Debbie Dogskin is dead. She was found in her Fort Yates, North Dakota, mobile home frozen to death with an empty propane tank.   What was the cause of the propane shortage which caused prices to rise and supplies to dwindle in the northern midwest and the northeast this winter?
Short answer: It was an engineered gamble by industry seeking to maximize profits.
There were really four factors which contributed to the shortage this winter.
2: Abnormally wet corn harvest required extra propane to dry
3: Abnormally cold winter increased demand
4: Lack of local storage in the places with the greatest demand.
But what was the number 1 reason?
The Enterprise TEPPCO line (which ships refined liquids, NGLs, mostly or all propane in winter) was a looped line from Texas to New York. There were two parallel segments which delivered products from storage fields in Texas to the North Central and NE markets during the winter demand months.
One of those segments became the ATEX line, which was reversed to transport NGLs from the wet-gas rich Marcellus/Utica formations from SW-PA/E. Ohio/WV down to Texas for refining and marketing.
So that industry folks could make money. Lots of it.
FERC order approving the the TEPPCO/ATEX reversal 5-31-13
So when that happened, Enterprise-TEPPCO lost approximately 1/2 the propane supply capacity to the midwest and northeast.
Oh, and there’s another reason. According to the Energy Information Agency, propane exports have risen sharply in the last few years. http://www.eia.gov/dnav/pet/hist/LeafHandler.ashx?n=PET&s=MPREXUS2&f=M
A large consumer of these exports is Canada, which is importing valuable NGLs (inc. propane) from the US to support Tar Sands Development. Those NGLs (aka “condensate”) are used to dilute the rock-hard bitumen, which cannot otherwise be transported in a pipeline.
(There is really no such thing as “tar sands oil”. Bitumen in its raw form more resembles a lump of coal. Like shale-gas hydrofracking, Tar Sands development is just another form of extreme energy. It’s bottom-of-the-barrel stuff, the dregs of hydrocarbons, with high energy inputs and high environmental costs.)
Here’s the other thing: This whole story is directly connected to the Inergy (now Crestwood) facility being proposed to store LPG and NGLs under Seneca Lake in the Finger Lakes region of NY. It’s highly unpopular among the locals, and dozens of people have committed civil disobedience there to try to stop the project.
Here’s a couple of videos, first, of a spokesmen for Inergy/Crestwood, and second, of the National Propane Gas Association, where they admit the reason for Seneca Lake Facility, AND the propane shortage this winter was due to Enterprise TEPPCO/ATEX pipeline reversal and Alberta Tar Sands development.
That is to say, it was engineered to maximize industry profits,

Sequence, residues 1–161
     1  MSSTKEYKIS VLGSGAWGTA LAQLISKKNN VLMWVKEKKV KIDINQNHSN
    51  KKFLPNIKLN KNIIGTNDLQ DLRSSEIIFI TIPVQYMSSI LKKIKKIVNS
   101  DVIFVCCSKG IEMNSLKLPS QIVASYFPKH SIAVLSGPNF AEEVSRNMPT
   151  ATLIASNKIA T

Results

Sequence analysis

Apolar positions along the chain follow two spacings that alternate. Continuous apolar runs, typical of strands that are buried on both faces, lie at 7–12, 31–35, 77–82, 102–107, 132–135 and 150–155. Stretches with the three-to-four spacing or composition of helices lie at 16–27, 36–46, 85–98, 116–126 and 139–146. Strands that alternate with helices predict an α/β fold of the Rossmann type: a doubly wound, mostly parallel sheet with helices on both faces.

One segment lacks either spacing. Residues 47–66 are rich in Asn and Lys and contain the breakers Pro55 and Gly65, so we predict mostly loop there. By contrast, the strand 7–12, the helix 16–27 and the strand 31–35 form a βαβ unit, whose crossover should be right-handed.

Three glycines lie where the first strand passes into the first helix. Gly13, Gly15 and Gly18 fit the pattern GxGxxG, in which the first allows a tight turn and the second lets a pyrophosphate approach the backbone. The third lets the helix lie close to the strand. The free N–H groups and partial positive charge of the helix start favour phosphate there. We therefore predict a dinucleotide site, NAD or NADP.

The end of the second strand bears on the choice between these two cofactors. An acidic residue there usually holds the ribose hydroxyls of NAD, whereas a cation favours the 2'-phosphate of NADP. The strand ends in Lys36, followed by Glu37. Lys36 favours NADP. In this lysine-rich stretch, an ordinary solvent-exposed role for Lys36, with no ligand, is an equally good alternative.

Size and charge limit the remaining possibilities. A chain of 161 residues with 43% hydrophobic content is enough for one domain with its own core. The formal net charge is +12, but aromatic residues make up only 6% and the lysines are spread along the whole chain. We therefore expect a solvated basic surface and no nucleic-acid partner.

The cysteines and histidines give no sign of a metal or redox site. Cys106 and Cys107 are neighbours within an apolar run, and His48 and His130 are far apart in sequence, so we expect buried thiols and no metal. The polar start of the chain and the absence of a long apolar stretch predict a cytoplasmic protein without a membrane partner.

and NOT to best serve American consumers.
But knowing this doesn’t help bring Debbie Dogskin back from the dead.
Here’s a short video of Kevin Bernstein, spokesman of Crestwood Midstream (formerly Inergy LLC), the company proposing a massive LPG and NGL storage facility under Seneca Lake in Reading NY, near Watkins Glen:
Check out 2m:11s to 2m:36s
PDF of Roldan testimony:
- Excerpt:“The Appalachian-Texas Pipeline (ATEX) is a new provider of ethane service from the Marcellus region to the Gulf Coast. The pipeline itself is not new, however; rather it is one of two parallel pipelines that run from Mt. Belvieu, Texas to Todhunter, Ohio. What is new is that the ATEX pipeline used to deliver product batches northward as part of the Enterprise TEPPCO system. The decision to reverse this pipeline to take ethane southward reflects the economics associated with taking the huge increases in shale production of natural gas liquids to market. Unfortunately, this reversal has caused all northbound product flowing on the Enterprise TEPPCO pipeline to be squeezed onto the remaining northbound pipeline. The elimination of this northbound capacity, along with the introduction of priority diluent service on the remaining northbound line to assist in the processing of Canadian heavy crude oil [Tar Sands “Oil” => Dilutant for Diluted Bitumen!], has caused congestion and delays for shipments of propane to the Midwest and northeast.“
— The National Propane Gas Assoc., president/spokesman Richard Roldan
(watch the entire video and read the PDFs if you can– very interesting stuff in here, folks!)
- Wells Fargo Securities 11th Annual Pipeline, MLP and Energy Symposium
December 2012. Presentation by MarkWest Energy Partners. Lots of info about Marcellus NGL production and pipelines:http://phx.corporate-ir.net/External.File?item=UGFyZW50SUQ9MTYzOTM3fENoaWxkSUQ9LTF8VHlwZT0z&t=1
Here are a couple other excellent blogs which helps connect the dots: